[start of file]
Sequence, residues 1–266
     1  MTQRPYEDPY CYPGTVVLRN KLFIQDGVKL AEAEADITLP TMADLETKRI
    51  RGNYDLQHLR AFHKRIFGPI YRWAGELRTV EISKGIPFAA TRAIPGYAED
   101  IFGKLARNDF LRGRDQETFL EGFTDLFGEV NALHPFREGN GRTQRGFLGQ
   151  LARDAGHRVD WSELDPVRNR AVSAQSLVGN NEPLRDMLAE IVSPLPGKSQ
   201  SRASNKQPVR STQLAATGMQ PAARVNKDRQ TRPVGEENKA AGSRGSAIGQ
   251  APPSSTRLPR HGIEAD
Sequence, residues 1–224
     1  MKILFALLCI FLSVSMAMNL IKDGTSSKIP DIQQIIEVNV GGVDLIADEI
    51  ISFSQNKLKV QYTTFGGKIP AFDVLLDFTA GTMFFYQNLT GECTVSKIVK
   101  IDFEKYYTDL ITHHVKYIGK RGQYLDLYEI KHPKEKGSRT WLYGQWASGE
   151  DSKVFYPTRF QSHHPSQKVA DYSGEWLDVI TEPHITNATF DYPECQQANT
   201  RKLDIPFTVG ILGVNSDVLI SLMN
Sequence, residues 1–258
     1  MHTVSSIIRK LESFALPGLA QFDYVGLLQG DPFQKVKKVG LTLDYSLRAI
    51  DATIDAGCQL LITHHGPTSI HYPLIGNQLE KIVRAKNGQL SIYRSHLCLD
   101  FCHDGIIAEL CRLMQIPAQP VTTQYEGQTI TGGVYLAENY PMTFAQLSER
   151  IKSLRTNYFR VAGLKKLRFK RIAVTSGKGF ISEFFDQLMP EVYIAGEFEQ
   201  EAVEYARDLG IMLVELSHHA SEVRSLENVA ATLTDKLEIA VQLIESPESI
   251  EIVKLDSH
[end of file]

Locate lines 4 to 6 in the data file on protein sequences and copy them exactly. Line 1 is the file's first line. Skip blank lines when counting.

   101  IFGKLARNDF LRGRDQETFL EGFTDLFGEV NALHPFREGN GRTQRGFLGQ
   151  LARDAGHRVD WSELDPVRNR AVSAQSLVGN NEPLRDMLAE IVSPLPGKSQ
   201  SRASNKQPVR STQLAATGMQ PAARVNKDRQ TRPVGEENKA AGSRGSAIGQ